Now, H-4 Visa Holders can Work in the US | DCR Workforce Blog

Now, H-4 Visa Holders can Work in the US

h4 visaThe wait has finally come to an end for the “H4 Visa – A Curse’ Facebook group. This group uses a woman in a golden cage as its Display Picture. It is dedicated to protesting against “sidelining productive human beings”.

For employers looking for talent and for spouses of H1-B holders living in the USA, there is finally some good news. Effective May 26, 2015, the Department of Homeland Security (DHS) is extending eligibility for employment to certain H-4 dependent spouses of H-1B non-immigrants. This is a result of the executive order on administrative immigration reforms. This benefit has eluded H-4 visa holders, who come to the USA as spouses of H1-B visa holders, for quite some time now. Such employment benefits exist for spouses of other non-immigrant visa holders like E or L visas. But the laws do not allow the spouse of an H-1B non-immigrant worker to work or seek any scholarship to study further.

This move helps to clarify and improve visa programs while helping to grow the U.S. economy and create jobs.  A number of highly skilled people, who can start contributing to the economy immediately, will be added to the available talent pool.  According to estimates offered by the United States Citizenship and Immigration Services (USCIS), the number of individuals eligible for employment authorization under this rule could be as high as 179,600 this year and 55,000 annually in subsequent years.

This new work eligibility for H-4 visa holder spouses is expected to encourage H-1B skilled workers to remain in the United States, and show interest in becoming lawful permanent residents while both contribute to the economy. However, the eligibility comes with certain conditions and limitations.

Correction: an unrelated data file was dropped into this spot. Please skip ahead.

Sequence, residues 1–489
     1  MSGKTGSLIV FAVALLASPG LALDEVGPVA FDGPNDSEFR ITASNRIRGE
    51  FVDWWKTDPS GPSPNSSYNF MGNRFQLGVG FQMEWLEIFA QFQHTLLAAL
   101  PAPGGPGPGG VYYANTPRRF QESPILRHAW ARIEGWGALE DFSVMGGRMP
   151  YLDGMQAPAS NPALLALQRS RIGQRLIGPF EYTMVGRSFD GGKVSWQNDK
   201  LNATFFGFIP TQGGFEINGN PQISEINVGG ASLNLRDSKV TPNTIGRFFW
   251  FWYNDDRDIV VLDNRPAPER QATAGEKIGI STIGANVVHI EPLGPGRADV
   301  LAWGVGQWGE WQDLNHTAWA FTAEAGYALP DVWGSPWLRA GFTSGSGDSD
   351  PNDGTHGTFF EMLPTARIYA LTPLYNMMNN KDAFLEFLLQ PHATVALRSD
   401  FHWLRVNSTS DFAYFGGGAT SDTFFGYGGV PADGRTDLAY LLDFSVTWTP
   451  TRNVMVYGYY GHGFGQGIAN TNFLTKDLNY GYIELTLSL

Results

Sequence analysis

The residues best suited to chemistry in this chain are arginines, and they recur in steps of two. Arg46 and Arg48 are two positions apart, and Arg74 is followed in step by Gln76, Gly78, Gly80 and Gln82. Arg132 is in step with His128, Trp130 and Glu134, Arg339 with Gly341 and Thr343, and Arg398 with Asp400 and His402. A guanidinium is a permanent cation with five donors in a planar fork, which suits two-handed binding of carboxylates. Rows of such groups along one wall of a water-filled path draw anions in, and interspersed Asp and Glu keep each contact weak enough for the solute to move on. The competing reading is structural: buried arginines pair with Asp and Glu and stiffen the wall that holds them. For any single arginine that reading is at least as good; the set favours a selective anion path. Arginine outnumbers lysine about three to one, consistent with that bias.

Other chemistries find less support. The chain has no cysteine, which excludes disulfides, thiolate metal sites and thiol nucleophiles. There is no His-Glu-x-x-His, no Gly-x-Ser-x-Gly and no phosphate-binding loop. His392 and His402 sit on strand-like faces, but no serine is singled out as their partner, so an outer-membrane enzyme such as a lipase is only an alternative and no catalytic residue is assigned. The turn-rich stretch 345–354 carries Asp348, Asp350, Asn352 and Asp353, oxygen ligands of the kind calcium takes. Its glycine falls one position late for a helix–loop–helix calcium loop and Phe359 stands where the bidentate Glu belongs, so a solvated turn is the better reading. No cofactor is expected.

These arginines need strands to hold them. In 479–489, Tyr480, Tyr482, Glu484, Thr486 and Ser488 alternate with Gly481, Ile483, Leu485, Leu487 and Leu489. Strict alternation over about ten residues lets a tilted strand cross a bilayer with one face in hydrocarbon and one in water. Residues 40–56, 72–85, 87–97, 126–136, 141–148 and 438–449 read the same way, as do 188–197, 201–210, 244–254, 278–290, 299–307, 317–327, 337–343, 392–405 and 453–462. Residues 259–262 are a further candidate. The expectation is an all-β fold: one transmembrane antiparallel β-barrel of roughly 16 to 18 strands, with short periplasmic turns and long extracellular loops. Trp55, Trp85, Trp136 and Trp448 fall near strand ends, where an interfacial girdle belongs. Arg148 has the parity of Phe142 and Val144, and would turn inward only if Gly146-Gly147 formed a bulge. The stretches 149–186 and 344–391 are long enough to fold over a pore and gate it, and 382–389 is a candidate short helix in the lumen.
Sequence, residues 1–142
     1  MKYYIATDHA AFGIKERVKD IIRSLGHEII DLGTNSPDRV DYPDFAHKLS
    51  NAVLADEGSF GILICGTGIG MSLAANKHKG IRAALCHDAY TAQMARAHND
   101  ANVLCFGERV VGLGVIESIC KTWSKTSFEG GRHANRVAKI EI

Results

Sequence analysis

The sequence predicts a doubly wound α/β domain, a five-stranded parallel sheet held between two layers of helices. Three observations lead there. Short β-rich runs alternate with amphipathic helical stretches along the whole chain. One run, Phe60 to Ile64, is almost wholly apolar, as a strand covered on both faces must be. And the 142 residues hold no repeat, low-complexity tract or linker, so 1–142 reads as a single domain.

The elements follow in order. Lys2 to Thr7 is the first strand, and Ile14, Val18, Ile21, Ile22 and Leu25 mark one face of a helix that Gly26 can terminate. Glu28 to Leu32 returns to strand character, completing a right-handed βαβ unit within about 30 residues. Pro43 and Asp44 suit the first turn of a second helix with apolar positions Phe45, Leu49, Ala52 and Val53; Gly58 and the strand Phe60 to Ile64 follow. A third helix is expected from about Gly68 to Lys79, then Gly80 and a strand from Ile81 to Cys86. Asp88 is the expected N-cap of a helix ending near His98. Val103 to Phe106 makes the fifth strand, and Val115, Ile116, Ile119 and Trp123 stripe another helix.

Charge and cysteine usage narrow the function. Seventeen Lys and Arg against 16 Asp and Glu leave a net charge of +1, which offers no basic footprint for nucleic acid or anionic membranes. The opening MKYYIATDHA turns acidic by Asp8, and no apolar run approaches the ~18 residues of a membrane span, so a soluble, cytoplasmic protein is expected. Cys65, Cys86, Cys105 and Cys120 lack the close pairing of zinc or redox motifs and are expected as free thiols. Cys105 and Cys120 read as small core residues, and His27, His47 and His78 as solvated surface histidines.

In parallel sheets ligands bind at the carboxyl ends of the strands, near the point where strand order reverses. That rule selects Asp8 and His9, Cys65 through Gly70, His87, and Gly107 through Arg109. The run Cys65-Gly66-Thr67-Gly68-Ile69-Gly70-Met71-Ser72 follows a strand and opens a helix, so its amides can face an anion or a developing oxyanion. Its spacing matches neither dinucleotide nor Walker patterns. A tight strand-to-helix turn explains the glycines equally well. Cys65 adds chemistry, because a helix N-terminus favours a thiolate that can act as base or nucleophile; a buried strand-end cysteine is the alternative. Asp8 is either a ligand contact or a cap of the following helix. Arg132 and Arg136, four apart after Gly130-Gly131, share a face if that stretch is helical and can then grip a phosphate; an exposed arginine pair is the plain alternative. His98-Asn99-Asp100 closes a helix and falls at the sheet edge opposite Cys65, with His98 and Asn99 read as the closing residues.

The rule explicitly excludes H-4 dependent children of such H1-B visa holders. An eligible H-4 visa holder needs to have a valid unexpired visa, and their spouse needs to be a H1-B visa holder and also be:

  • The beneficiary of an approved I-140 immigrant petition, or PERM Labor Certification or an I-140 petition which was filed more than 365 days prior to the expiration of the H1-B visa’s six year validity period.
  • Granted an extension of stay in the US under the American Competitiveness in the 21st Century Act, which allows H-1B workers seeking lawful permanent residence to remain in the US beyond the legal six-year limit.

H-4 dependent spouses who fulfill the above criteria could file an Application for Employment Authorization, and pay the required fee to obtain employment authorization or I-766, also known as the Employment Authorization Document (EAD).  For those who do qualify, employment authorization carries no restrictions. The individual can work for any employer in any field, full-time or part-time.

Some Outcomes:

The friendliness of the immigration policies of other countries is luring skilled workers away from the US. This rule may help to reverse that trend. Other benefits of this rule would include:

  • Businesses have increased chances of encouraging highly skilled temporary workers to seek lawful permanent residence.
  • Many H1-B holders have left the country prior to the completion of their assigned period due to the economic stress resulting from living on a single income and the pressure exerted by a highly educated spouse who is forced to remain idle.
  • The economy benefits from the knowledge of these individuals – whether as employees or as entrepreneurs – may provide employment to others.
  • The majority of H-4 spouses are women. Many have indicated that the inability to work was making them undocumented, trapped and at the mercy of their husbands.
  • The average number of years required for these families to become US citizens ranges anywhere from 12 years to 18 years (6 years to qualify for a green card and another 6 to 12 years to get one). This robs a highly educated H-4 visa holder of the most productive years in which to build a meaningful career.

While the rule does not help all H-4 dependents, it is definitely a huge step in the right direction. Share your thoughts with us.


Disclaimer:
The content on this blog is for informational purposes only and cannot be construed as specific legal advice or as a substitute for competent legal advice. They reflect the opinions of DCR Workforce and may not reflect the opinions of any individual attorney. Do contact an attorney for advice specific to your issue or problem.
Lalita is a people/project manager with extensive experience in operations, HCM and training and development across industries like banking, education, business consulting, BPO and information technology. She believes in a dynamic approach to life and learning as change is the only constant.